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Clydesdales/Athenas (200+ lb / 91+ kg) Looking to lose that spare tire? Ideal weight 200+? Frustrated being a large cyclist in a sport geared for the ultra-light? Learn about the bikes and parts that can take the abuse of a heavier cyclist, how to keep your body going while losing the weight, and get support from others who've been successful.

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Old 09-06-06, 05:37 PM   #1
jwa
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Wheel concerns for clydesdale roadie?

I'm a 6'1, 190 lb recreational roadie looking to replace the wheelset on my 6 yr old Bianchi Veloce - current (original) wheels are developing the kind of hairline cracks radiating from the rim eyelets as described in a couple of recents threads here. I ride a fair number of miles (4 - 5,000 mi / yr) on mostly smooth rural roads.

Are there rules of thumb about which type of wheelset to buy? i.e., at my size should I steer clear from <24 spoke wheels, or paired spoke setups, etc? Note I'm not concerned with racing speeds, just reliable centuries. Thanks!
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Old 09-06-06, 06:14 PM   #2
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Just MHO, but I'd suggest a minimum of 32 spokes on the front and 36 on the back, and steer clear of exotic spoke patterns. Use vanilla three cross lacing pattern front and rear, and don't skimp on rim, hub, or spoke quality. I'm your size and ride on 36 spoke Campy Record high flange hubs, Mavic Open Pro rims, and DT Swiss double-butted stainless competition spokes, 3-cross, front and rear.
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Old 09-06-06, 06:21 PM   #3
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Yeh, I agree with Scooper. Stick with 32 spoke 3x wheels. Always use 14/15ga (2.0/1.8mm) DB spokes. At your height and weight, these will serve you well for centuries and long service.
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Old 09-06-06, 07:01 PM   #4
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I go about 6'3" 250-260, I run a 36 spoke wheels front and rear. I have to true them after every couple rides, Im planning on upgrading to some 48 spoke tandem wheels in the future.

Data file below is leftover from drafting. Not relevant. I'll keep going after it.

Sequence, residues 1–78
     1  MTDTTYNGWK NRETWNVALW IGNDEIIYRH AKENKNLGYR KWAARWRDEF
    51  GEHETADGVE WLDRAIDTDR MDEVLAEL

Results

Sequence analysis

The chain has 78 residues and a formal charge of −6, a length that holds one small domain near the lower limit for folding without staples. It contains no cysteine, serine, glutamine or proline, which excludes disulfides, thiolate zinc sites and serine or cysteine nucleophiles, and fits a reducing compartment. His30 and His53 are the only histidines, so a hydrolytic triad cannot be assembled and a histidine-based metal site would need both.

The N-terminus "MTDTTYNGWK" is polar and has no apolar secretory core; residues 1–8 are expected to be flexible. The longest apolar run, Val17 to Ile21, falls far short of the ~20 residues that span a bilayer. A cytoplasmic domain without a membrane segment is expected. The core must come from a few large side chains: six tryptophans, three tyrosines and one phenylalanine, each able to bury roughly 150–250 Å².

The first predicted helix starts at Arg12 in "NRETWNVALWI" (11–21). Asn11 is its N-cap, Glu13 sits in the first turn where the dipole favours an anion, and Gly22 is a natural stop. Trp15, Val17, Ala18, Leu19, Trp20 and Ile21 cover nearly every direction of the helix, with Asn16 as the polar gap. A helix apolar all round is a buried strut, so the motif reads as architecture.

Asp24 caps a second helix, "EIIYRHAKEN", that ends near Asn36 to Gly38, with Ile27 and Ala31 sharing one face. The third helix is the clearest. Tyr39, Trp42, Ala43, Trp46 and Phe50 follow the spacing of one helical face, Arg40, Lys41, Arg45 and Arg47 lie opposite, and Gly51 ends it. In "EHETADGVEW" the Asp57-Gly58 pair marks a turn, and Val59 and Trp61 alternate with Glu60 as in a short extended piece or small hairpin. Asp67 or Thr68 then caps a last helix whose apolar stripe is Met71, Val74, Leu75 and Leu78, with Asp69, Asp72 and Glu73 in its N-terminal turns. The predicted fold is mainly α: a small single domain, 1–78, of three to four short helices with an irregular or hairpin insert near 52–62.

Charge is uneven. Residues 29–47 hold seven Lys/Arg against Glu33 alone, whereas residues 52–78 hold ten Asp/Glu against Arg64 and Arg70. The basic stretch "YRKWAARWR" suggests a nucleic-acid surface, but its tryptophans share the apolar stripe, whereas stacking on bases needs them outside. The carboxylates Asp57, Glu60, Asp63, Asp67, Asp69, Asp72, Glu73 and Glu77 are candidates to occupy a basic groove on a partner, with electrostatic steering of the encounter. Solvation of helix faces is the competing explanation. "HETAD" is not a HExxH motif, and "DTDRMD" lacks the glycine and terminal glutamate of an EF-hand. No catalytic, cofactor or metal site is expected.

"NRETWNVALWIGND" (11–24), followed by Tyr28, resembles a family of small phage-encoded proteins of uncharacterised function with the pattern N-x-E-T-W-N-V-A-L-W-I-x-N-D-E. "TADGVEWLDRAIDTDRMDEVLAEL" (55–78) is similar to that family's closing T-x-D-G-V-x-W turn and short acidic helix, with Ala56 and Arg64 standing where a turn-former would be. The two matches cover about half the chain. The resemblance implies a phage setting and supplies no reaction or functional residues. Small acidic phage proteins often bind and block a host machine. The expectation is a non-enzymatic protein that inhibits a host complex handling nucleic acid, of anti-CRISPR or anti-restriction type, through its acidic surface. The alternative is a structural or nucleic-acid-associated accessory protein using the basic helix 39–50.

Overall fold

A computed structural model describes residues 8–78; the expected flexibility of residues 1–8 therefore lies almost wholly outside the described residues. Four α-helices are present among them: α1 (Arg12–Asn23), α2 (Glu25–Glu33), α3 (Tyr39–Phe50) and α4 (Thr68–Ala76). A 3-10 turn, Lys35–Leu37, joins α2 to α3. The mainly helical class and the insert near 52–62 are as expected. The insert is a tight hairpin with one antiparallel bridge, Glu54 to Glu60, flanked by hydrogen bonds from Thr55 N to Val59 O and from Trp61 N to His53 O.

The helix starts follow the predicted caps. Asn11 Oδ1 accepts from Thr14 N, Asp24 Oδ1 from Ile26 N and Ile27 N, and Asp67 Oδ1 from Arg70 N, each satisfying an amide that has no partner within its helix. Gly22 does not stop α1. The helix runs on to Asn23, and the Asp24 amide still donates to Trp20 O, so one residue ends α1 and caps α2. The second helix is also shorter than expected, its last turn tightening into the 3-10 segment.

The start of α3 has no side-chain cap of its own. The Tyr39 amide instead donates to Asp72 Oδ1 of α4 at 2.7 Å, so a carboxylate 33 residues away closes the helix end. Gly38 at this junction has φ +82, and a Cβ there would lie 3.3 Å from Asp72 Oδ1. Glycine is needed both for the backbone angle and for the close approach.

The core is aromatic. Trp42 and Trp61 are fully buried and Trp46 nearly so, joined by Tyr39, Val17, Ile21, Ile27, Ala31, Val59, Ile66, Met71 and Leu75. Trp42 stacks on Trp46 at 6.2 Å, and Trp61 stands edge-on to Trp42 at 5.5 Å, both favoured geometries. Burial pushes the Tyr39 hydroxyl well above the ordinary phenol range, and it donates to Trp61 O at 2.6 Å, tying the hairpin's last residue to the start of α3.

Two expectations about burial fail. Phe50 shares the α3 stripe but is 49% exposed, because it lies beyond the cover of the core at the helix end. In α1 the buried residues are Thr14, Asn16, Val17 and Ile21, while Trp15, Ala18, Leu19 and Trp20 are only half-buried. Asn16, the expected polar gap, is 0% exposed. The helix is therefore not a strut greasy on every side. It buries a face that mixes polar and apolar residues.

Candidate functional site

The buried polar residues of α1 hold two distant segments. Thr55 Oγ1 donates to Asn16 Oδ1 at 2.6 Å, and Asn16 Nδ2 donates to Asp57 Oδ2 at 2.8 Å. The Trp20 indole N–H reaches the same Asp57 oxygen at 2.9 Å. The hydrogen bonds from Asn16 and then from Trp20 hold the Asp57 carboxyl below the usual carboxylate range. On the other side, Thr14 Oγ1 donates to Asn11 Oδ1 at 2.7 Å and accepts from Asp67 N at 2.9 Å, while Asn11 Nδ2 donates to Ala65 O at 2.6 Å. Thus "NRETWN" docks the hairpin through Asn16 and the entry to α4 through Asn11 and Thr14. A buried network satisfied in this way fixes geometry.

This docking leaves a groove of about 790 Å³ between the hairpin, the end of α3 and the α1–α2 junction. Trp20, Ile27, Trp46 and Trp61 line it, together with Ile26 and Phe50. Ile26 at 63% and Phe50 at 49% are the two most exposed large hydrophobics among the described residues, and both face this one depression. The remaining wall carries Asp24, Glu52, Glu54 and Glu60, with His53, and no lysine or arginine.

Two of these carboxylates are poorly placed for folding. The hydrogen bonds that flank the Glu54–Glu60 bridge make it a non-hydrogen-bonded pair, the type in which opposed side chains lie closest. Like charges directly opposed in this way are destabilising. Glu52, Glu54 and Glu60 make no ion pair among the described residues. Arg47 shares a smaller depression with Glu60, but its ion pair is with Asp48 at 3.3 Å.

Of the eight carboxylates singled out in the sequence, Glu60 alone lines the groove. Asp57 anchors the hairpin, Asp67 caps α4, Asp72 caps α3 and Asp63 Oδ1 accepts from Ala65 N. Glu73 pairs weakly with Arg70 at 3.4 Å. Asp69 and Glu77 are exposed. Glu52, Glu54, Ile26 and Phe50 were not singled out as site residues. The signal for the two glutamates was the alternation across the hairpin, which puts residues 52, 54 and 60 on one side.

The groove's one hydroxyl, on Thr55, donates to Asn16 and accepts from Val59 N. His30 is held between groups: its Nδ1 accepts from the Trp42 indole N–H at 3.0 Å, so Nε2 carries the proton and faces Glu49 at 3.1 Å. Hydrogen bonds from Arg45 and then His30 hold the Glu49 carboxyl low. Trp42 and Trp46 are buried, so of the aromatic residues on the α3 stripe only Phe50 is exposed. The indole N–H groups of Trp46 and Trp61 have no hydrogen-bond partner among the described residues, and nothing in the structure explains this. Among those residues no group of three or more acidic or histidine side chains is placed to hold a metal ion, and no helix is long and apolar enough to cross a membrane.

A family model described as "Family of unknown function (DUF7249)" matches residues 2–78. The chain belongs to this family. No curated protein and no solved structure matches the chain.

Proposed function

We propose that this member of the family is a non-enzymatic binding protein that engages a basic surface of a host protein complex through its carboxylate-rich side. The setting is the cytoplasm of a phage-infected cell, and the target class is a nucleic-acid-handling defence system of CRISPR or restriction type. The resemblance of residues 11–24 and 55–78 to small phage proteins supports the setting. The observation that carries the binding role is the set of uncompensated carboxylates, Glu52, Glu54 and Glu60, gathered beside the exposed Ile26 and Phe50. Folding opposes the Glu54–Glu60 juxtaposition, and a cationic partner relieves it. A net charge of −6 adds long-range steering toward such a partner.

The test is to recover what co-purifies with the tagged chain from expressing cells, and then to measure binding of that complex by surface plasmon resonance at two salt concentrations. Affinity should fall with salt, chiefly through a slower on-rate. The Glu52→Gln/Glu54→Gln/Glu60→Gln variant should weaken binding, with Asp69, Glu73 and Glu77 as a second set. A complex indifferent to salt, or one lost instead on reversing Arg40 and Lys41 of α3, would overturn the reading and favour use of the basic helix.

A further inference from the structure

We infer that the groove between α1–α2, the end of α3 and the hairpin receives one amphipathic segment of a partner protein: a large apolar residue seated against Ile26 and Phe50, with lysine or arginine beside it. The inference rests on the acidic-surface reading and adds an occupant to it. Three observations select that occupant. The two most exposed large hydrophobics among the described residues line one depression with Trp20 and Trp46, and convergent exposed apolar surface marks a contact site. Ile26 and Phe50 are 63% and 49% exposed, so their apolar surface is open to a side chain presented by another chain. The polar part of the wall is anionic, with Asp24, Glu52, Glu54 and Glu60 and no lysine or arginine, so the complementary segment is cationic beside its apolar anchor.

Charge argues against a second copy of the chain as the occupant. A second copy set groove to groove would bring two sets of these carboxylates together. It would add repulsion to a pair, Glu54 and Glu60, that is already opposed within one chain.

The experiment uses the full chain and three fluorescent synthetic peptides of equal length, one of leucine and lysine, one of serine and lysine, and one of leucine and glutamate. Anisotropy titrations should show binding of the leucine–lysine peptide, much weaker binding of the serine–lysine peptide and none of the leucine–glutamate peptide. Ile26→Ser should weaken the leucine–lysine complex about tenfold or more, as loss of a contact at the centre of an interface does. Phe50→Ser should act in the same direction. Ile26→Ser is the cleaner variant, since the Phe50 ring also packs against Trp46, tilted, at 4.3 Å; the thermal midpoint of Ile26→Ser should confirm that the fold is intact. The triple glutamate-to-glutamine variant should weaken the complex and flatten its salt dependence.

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Old 09-06-06, 07:15 PM   #5
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Originally Posted by FlatFender
I go about 6'3" 250-260, I run a 36 spoke wheels front and rear. I have to true them after every couple rides, Im planning on upgrading to some 48 spoke tandem wheels in the future.
It sounds to me like either the rim, spoke or initial build quality of the wheel is at fault. A well built 36 spoke wheel with good spokes and rim should be able to take quite a bit of abuse before going out of true. Unless you are dropping off curbs frequently, or doing rough trails on a rigid mtb.
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Old 09-06-06, 08:38 PM   #6
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I picked up the wheels from a local bicycle recycler, they are used, I hand checked the tension, and called them good.
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Old 09-06-06, 10:49 PM   #7
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190 pounds qualifies as Clydesdale now?!

Anyway, I'd think about a Mavic CPX33 rim, 36 DT 14-15ga. spokes laced 3-cross, and a Shimano 105 hub, painstakingly hand-built by a good local wheelbuilder. Ride it for a couple weeks, bring it in to its creator for a tension check, give it another month, bring it in again.
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Old 09-07-06, 07:06 AM   #8
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Quote:
Originally Posted by mechBgon
190 pounds qualifies as Clydesdale now?!

Anyway, I'd think about a Mavic CPX33 rim, 36 DT 14-15ga. spokes laced 3-cross, and a Shimano 105 hub, painstakingly hand-built by a good local wheelbuilder. Ride it for a couple weeks, bring it in to its creator for a tension check, give it another month, bring it in again.
+1, but I'd suggest considering Velocity Aeroheads (especially the OCR), or Velocity Deep Vs.

I ride 36H rear Deep V and 32h front Deep V. They may be heavier than most wheels, but I can assure you that most of my training partners would attest that they aren't slowing me down (it's not the equipment).
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Old 09-07-06, 07:15 AM   #9
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You can get Record Hubs on Open Pros for $240 at Performance Bike with their coupon